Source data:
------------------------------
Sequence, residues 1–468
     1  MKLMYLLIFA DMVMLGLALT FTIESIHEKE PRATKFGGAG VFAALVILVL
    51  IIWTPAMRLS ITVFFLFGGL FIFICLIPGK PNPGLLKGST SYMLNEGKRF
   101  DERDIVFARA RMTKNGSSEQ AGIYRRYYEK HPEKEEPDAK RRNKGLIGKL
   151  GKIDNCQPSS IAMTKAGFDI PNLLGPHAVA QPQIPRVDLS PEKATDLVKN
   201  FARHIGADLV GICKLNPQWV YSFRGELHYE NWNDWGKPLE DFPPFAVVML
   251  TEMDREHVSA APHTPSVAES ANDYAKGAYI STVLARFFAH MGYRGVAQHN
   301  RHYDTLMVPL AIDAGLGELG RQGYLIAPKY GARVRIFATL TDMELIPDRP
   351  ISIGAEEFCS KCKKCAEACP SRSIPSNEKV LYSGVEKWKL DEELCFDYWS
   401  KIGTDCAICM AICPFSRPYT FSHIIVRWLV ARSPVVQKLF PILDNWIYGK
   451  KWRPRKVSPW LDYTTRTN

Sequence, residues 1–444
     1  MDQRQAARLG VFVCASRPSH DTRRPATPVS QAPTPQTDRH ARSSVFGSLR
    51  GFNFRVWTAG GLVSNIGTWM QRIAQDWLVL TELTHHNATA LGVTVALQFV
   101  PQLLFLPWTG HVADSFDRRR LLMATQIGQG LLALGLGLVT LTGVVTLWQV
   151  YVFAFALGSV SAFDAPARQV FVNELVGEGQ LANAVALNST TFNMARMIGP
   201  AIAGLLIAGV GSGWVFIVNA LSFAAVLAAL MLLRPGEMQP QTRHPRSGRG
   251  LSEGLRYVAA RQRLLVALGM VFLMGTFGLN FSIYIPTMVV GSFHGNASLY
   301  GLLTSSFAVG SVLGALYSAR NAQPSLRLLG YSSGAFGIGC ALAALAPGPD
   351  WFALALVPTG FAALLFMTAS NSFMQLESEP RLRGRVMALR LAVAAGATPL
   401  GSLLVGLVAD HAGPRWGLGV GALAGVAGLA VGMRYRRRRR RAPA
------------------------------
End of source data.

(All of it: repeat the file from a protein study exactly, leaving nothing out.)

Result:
Sequence, residues 1–468
     1  MKLMYLLIFA DMVMLGLALT FTIESIHEKE PRATKFGGAG VFAALVILVL
    51  IIWTPAMRLS ITVFFLFGGL FIFICLIPGK PNPGLLKGST SYMLNEGKRF
   101  DERDIVFARA RMTKNGSSEQ AGIYRRYYEK HPEKEEPDAK RRNKGLIGKL
   151  GKIDNCQPSS IAMTKAGFDI PNLLGPHAVA QPQIPRVDLS PEKATDLVKN
   201  FARHIGADLV GICKLNPQWV YSFRGELHYE NWNDWGKPLE DFPPFAVVML
   251  TEMDREHVSA APHTPSVAES ANDYAKGAYI STVLARFFAH MGYRGVAQHN
   301  RHYDTLMVPL AIDAGLGELG RQGYLIAPKY GARVRIFATL TDMELIPDRP
   351  ISIGAEEFCS KCKKCAEACP SRSIPSNEKV LYSGVEKWKL DEELCFDYWS
   401  KIGTDCAICM AICPFSRPYT FSHIIVRWLV ARSPVVQKLF PILDNWIYGK
   451  KWRPRKVSPW LDYTTRTN

Sequence, residues 1–444
     1  MDQRQAARLG VFVCASRPSH DTRRPATPVS QAPTPQTDRH ARSSVFGSLR
    51  GFNFRVWTAG GLVSNIGTWM QRIAQDWLVL TELTHHNATA LGVTVALQFV
   101  PQLLFLPWTG HVADSFDRRR LLMATQIGQG LLALGLGLVT LTGVVTLWQV
   151  YVFAFALGSV SAFDAPARQV FVNELVGEGQ LANAVALNST TFNMARMIGP
   201  AIAGLLIAGV GSGWVFIVNA LSFAAVLAAL MLLRPGEMQP QTRHPRSGRG
   251  LSEGLRYVAA RQRLLVALGM VFLMGTFGLN FSIYIPTMVV GSFHGNASLY
   301  GLLTSSFAVG SVLGALYSAR NAQPSLRLLG YSSGAFGIGC ALAALAPGPD
   351  WFALALVPTG FAALLFMTAS NSFMQLESEP RLRGRVMALR LAVAAGATPL
   401  GSLLVGLVAD HAGPRWGLGV GALAGVAGLA VGMRYRRRRR RAPA